Drawing of TB in joint found in Miles case notes

Dr Robert Philip’s famous ‘Edinburgh Scheme’ resulted in a decline in deaths from TB from 1899 onwards by identifying those with the disease and preventing its spread. Before the discovery of antibiotics, sanatoriums, such as the Royal Victoria Hospital, were built where early onset TB patients could recuperate with plenty of sunshine and fresh air whilst being kept separate from the rest of the population. Colonies such as Southfield and Polton opened to provide recovering patients with work in an environment conducive to their health. A concentrated effort was deemed essential to eradicate the disease and in 1958, a mass x-ray screening of the population for the disease took place. As a result of improvements in treatment from the 1950s there has been a steep decline in TB cases although there are still around 400 cases in Scotland every year.
Drawing showing progress of treatment of TB in joint

Friday, 6 April 2012

Old badges; new website

Last week’s blog touched on the long-term transfer of some of our historic nursing and hospital badges to the Royal Infirmary of Edinburgh as part of a new installation celebrating the role of unsung heroes in healthcare. This saw a two-year project come to fruition so we thought it was worthy of another blog post and some more pictures!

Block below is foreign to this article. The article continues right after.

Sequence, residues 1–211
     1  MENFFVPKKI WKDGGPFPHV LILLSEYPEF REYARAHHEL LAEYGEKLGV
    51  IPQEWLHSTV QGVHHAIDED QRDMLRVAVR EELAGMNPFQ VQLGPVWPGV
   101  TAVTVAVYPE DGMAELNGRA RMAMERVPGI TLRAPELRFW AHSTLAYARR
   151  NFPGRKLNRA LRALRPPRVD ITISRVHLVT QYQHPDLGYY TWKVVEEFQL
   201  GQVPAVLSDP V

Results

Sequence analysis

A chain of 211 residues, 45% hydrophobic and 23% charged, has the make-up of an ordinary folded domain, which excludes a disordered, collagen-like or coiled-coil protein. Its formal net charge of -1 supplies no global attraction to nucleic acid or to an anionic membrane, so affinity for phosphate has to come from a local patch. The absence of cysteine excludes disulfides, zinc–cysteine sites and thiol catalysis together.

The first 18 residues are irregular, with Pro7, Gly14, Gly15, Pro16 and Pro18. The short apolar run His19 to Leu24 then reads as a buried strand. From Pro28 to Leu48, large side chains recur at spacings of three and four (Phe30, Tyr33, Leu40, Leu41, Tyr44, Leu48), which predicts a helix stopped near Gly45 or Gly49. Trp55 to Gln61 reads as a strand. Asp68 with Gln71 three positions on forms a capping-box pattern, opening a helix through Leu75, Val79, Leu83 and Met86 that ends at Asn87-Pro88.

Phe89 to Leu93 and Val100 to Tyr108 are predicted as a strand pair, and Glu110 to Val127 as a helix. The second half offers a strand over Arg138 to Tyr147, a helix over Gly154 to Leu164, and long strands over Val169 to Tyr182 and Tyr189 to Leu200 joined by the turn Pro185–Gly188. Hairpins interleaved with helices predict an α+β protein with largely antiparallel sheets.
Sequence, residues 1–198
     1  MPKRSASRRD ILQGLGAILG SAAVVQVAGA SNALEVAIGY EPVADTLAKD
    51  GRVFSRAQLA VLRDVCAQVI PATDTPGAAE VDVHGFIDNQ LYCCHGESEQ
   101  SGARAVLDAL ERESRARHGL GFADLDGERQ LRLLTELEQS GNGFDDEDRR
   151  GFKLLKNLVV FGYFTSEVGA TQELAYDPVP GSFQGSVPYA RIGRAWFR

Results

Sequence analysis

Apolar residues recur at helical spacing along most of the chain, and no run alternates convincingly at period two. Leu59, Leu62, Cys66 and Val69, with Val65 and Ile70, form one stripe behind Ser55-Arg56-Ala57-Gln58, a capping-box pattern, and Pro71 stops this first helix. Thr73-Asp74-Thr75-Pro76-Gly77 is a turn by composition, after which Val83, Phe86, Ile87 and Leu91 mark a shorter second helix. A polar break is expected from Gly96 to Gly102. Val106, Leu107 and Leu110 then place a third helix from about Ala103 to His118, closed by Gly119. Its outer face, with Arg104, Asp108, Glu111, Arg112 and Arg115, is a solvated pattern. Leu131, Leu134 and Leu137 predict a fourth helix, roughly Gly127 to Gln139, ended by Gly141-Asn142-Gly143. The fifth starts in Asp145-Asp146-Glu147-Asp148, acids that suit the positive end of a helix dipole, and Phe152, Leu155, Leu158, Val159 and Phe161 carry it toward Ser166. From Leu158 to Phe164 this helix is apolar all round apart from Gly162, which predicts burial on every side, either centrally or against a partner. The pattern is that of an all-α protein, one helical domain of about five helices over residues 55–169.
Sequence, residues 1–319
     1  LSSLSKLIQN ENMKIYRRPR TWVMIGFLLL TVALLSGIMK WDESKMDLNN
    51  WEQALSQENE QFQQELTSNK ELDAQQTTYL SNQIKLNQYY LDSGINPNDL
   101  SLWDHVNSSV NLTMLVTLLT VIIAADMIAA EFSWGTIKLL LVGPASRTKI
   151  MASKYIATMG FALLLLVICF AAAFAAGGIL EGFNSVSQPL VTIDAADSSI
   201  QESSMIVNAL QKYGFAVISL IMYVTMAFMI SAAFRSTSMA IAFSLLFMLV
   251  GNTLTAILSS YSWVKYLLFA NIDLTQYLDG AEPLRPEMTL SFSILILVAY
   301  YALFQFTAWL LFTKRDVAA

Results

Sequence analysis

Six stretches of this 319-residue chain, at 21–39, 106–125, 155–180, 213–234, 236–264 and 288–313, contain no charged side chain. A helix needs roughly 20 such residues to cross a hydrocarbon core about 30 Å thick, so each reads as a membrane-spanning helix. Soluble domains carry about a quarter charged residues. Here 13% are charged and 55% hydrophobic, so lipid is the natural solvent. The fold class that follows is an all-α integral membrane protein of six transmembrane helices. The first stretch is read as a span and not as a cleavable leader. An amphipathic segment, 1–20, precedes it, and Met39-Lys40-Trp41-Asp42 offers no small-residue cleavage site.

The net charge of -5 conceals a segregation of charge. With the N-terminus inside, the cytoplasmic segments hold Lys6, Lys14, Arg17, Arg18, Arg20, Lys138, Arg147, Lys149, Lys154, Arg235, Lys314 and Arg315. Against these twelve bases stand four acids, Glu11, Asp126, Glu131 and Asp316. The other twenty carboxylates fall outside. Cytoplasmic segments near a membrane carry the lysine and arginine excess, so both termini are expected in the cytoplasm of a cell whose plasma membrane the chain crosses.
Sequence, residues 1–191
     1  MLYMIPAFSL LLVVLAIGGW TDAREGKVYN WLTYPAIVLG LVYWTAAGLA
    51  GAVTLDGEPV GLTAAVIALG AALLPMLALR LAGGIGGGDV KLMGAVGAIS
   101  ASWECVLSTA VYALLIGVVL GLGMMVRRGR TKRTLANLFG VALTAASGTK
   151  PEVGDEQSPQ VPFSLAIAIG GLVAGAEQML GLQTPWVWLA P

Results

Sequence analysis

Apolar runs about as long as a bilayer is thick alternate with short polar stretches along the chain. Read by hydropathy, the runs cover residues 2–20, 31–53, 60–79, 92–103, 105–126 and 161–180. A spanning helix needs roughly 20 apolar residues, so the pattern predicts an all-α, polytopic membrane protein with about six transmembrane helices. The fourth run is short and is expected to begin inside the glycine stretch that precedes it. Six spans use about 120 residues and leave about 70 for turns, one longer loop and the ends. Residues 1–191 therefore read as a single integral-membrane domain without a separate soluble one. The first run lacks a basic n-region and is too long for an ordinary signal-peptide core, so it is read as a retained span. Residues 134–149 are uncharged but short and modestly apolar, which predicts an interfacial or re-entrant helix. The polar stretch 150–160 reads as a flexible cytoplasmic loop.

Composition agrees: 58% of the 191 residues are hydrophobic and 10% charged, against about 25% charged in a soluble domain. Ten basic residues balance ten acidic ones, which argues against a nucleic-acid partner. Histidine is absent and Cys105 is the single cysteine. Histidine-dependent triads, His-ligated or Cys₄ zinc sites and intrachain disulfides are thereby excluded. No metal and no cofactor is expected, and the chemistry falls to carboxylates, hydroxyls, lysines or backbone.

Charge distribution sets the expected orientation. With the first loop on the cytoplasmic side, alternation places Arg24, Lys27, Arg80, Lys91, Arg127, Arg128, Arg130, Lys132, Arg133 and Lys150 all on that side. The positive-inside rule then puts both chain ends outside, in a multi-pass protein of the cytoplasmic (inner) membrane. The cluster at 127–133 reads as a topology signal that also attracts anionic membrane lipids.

The installation is outside Outpatient Department 3 in the Royal Infirmary of Edinburgh and has three cases set into the wall displaying historic badges alongside contemporary artworks that were inspired by them and the oral history testimony collected from current and retired nurses. A panel produced by noted enamel artist Elizabeth Turrell and some smaller pieces with quotes from nurses are also on display.

 One of the three cases 

Elizabeth Turrell's panel

The installation was launched on 30 March with representatives from the project partners, nurses who had contributed their oral histories (some of whom were wearing their own badges!) and Royal Infirmary staff. It was a great opportunity to celebrate the achievements of the project with them.

The launch of 'Unsung Heroes'

For more information please see the LHSA website, which has just been re-vamped to reflect our social media work better. We now have a brand new home page with a display of images to showcase various aspects of our work and collections, and a new social media page with direct access to our twitterfall and most recent blog posts. We hope that you’ll take a look!